As my sister and a nephew were insisting on us to visit them in the US we travelled there in 1998. Pre-travel formalities take a lot of time, especially those relating to the US visa. Thankfully those days were different and Donald Trump was yet to ride on the back of Uncle Sam. Having had the visa we bought US Air tickets under VUSA that make flying to distant destinations in the vast country much cheaper.
We flew from Mumbai to Paris and from the Charles De Gaulle Airport to John F Kennedy Airport. After an overnight stay in a hotel on the Sunset Avenue somewhere not far from JFK we moved towards La Guardia airport to catch a flight for St. Louis in Missouri. My sister’s place, Edwardsville, Illinois, was only few miles away from St. Louis across the Mississippi River.
The way to La Guardia was interesting. We passed through Flushing Meadows Where US Open tennis tournaments are held. Besides, it was from Flushing Meadows that the United Nations functioned for some time before moving to its present location on East Side of Manhattan. Our Kashmir problem was referred to the UN when it was still located in Flushing Meadows and it remained unresolved for decades before being finally declared as a dispute that has remained “Unresolved”. The name Flushing Meadows has, therefore, somehow remained embedded in my mind.
After a stop-over to change over to another flight at Pittsburgh we reached St Louise around mid-day. My sister was waiting at the Airport and we drove across the Mississippi to Edwardsville, a university town in the state of Illinois. It was the same Mississippi which we were taught abought in schools and the college, one of the longest rivers in the world that originated up north in Minnesota and flowing down around 2000-odd miles drained into the Gulf of Mexico. At St Louis, however, the River was not at its widest.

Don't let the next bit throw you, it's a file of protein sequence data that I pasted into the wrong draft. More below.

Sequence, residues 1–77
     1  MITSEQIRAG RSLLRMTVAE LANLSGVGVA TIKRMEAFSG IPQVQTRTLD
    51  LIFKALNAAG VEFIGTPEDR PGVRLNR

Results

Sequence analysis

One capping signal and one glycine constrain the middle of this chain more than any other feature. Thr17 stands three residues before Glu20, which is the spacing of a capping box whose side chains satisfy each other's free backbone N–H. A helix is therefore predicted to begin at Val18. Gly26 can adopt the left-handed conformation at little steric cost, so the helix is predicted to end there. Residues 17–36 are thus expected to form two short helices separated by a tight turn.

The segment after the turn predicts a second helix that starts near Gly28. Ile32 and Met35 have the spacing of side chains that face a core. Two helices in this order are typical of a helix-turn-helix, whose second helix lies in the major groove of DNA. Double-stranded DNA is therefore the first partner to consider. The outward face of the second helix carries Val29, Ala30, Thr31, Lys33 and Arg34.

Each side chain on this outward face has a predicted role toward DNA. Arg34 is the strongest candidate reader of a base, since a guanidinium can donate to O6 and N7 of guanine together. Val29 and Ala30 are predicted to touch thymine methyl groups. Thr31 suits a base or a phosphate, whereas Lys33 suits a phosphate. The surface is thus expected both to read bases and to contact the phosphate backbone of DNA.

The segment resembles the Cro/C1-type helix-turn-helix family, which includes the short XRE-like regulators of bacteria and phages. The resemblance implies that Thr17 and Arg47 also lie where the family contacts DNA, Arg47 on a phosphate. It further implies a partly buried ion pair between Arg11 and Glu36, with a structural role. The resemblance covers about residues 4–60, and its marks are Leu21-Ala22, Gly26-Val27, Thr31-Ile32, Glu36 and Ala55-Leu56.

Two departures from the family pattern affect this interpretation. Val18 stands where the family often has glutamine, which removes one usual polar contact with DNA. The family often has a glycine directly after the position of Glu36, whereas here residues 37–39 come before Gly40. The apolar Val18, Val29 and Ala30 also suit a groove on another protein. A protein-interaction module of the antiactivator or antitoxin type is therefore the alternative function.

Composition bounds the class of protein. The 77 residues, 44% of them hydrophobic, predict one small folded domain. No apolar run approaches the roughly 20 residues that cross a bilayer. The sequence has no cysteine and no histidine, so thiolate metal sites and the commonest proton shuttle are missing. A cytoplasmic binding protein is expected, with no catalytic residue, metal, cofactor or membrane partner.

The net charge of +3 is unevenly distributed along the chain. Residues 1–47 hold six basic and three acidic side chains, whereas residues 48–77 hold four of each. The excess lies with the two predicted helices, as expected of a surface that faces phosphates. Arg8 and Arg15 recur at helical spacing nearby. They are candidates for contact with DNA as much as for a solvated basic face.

While Edwardsville is claimed to be third oldest city in Illinois, its university, Southern Illinois University (SIU), has one of the largest campuses in the United States. My sister used to be a professor at the university and later, on retirement, she was honoured by the status of Emeritus. She had a beautiful independent house on a Drive that led to the Edwardsville Lake. Behind the house one could see the spread of Prairies and her grounds at the back and the front had lots of trees. In fact it looked idyllic. It was far from the University but that is how it is in the US and that is why automobiles are so important there. In fact, with no public transport they are a necessity. Even the closest mall was around six kilometers away.
There were a few things which caught my eyes. First, I found there were no boundary walls separating the neighbouring properties – not even a proper fencing. Apparently, unlike in this country, people do not try and encroach on the neighbours’ property or, perhaps, if they did the law enforcers would take care of them. Another thing that I observed and found it to be unusual was absence of policemen on the streets. Even after a rather violent spell of weather which brought down numerous trees obstructing traffic to manage which there were no traffic policemen but only young scouts. The youngsters managed the things very well. Good training for young people and at the same time relieved for the cops to more important jobs.
The business concentration as also the older settlements, known in the US as “downtown”, was a few miles away but there was nothing much here. Everyone, however, had to visit the “downtown” to get essentials or to transact businesses or for availing banking services. It was a nice tightly constructed urban settlement. The absence of the pressure of population was palpable.
While in Edwardsville we went on a day-long outing to Alton, a town up the Mississippi River. One gets some fascinating views of the River as the town stands on a cliff at an elevation. It is supposed to be a decaying town, though we did not see any signs of decay. It was a flourishing town during the times of river trade. However, it could not stand up against the new means of transportation and the river trade declined impacting the town’s economy. And yet, it seemed to be doing pretty well. The town boasts of being the location of the last debate for presidential election which was won by Abraham Lincoln.
During our stay we also had two day-long outings – to St Louis and Cahokia Mounds, remains of an old (American) Indian settlement. I have written about them separately. We also took a trip to Chicago impressions of which I will record separately.